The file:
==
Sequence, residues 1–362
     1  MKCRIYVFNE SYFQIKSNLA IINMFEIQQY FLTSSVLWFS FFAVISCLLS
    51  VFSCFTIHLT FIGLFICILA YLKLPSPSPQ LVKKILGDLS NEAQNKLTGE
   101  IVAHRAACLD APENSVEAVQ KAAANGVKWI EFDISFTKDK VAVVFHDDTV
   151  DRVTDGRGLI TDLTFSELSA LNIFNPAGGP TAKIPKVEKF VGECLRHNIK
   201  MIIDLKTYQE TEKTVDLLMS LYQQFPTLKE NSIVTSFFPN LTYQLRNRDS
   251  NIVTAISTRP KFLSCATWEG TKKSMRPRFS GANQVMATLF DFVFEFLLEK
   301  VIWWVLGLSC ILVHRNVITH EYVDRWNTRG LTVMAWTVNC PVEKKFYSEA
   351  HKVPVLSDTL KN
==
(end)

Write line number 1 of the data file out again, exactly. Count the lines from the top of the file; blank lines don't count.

Sequence, residues 1–362